About three years after a similar order, the Federal Government has again suspended the deduction of 7.5 per cent Value Added Tax (VAT) on airfares and other air transport services.
The latest suspension order, scheduled to take effect on January 1, 2021, is contained in the 2020 finance act recently signed by President Muhammadu Buhari.
A member of the bill drafting committee and West Africa Tax Lead, PwC Nigeria, Taiwo Oyedele, confirmed the development via a tweet yesterday.
The government had earlier suspended five per cent charges on imported commercial aircraft and spare parts.
The FG in June 2018 issued an executive order on the suspension of VAT in air transport. The Federal Inland Revenue Service (FIRS) claimed to be unaware of such a directive, hence it was never implemented.
Airline operators had complained that Nigeria is the only country that still charges VAT on air transport services. The VAT plus 36 other charges, according to the airlines, account for at least 40 per cent of total revenue and N10 billion in taxes yearly, leaving the airlines heavily indebted and in financial distress or both in most cases.
Chief Executive Officer (CEO) of Med-View Airlines Plc, Muneer Bankole, said he heard of the then removal but that it was never implemented.
Bankole said: “Since we heard about it, we have started talking to FIRS, but they are still chasing us (to pay VAT).”
He said as good as the intention seems, nothing has really changed to realign Nigerian aviation with global best practices.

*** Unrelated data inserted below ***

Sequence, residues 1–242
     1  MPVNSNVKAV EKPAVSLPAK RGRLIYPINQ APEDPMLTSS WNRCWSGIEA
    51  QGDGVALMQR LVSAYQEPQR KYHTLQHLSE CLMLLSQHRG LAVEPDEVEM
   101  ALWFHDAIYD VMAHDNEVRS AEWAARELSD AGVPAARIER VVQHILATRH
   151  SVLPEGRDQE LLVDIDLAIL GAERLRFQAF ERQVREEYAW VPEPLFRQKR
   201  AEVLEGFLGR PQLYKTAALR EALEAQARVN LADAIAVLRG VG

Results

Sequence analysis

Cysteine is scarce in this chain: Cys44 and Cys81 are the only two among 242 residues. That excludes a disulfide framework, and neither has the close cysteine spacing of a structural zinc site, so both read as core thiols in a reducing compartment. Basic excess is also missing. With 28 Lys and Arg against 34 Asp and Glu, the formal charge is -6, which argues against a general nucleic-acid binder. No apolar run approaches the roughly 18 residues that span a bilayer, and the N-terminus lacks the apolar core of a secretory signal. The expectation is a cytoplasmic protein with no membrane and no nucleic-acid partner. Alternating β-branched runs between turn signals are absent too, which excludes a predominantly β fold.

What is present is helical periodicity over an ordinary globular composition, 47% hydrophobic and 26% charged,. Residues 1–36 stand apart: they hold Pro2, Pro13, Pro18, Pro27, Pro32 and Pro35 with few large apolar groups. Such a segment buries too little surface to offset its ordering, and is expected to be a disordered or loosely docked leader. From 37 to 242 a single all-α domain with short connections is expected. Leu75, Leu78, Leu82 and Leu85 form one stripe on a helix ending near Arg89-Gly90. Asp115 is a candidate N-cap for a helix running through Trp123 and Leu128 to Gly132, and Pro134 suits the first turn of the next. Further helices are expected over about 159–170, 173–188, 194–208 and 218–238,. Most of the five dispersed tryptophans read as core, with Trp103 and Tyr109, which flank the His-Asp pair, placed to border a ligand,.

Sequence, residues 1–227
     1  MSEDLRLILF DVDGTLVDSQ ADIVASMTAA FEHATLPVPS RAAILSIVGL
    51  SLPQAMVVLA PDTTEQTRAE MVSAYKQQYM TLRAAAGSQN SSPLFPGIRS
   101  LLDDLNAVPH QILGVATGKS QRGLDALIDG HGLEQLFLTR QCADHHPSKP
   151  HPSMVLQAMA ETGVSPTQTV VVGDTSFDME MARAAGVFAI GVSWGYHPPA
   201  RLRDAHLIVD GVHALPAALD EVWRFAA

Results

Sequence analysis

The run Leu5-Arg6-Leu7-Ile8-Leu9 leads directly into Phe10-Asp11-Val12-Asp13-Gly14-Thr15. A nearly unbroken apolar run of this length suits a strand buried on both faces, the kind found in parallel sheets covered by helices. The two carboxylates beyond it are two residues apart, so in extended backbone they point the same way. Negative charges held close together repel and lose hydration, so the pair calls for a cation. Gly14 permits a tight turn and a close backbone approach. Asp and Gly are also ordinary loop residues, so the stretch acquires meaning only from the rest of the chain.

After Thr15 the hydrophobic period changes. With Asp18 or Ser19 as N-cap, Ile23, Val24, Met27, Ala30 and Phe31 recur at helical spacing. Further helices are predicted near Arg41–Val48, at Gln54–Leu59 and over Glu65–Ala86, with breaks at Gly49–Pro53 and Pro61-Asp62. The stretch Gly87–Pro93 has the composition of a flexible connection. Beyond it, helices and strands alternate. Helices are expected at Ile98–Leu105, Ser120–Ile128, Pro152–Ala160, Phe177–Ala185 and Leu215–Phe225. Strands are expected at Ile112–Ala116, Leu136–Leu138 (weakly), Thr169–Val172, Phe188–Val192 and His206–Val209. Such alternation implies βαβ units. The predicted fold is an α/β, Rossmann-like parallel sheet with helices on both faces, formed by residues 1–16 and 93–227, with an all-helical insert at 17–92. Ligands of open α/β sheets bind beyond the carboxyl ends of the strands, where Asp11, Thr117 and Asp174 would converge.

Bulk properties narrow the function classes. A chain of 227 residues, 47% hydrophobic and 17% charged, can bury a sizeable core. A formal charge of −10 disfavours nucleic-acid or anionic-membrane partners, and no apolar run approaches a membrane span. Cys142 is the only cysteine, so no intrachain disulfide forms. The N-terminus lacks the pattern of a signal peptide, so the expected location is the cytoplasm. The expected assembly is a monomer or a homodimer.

“Definitely, you know that commercial operations like airlines have international connections; you don’t pay VAT anywhere in the world. So, let us do the right things here. All these charges; VAT and taxes don’t apply to aviation because they don’t help the airline business. That is why our airlines are nose-diving and government agencies just sit down looking.
“They (regulatory agencies) should get out of this colonial approach. Every government agency should go out, fend to get money, and work as a real service provider. That is the way to go. When you say you are committed to paying five per cent to this, four per cent to that, three per cent to another, and so on, then you are still in the colonial era,” Bankole said.
Dana Air Media and Communications Manager, Kingsley Ezenwa, said the airline would be excited to plow back the proceeds of VAT removal to the business and ticket fares subsidy “but that may not happen soon”.
Ezenwa noted that the expected gains are subject to the actual implementation of the policy and the review of other multiple charges in the aviation industry.
According to the estimates availed by the Nigeria Civil Aviation Authority (NCAA), the total VAT generated in 2017 was in excess of N5 billion.
Former chairman of the Airlines Operators of Nigeria (AON), Capt. Nogie Meggison, said they had been for decades seeking immediate removal of VAT from domestic air transportation in line with global best practice.
“VAT is an added burden on our passengers who have limited disposal funds and have reached their elastic point in this difficult time in the nation’s economy.
“This adversely affects the sector by reducing the number of those who can afford to travel by air due to high fares in this tough economic time. This has been shown to be true according to a recent report from the Federal Airports Authority of Nigeria (FAAN) that passenger traffic dropped by 27 per cent in 2017 and by another seven per cent in the first quarter of 2018 making it a total of 34 per cent drop in passenger traffic within a span of one year.”
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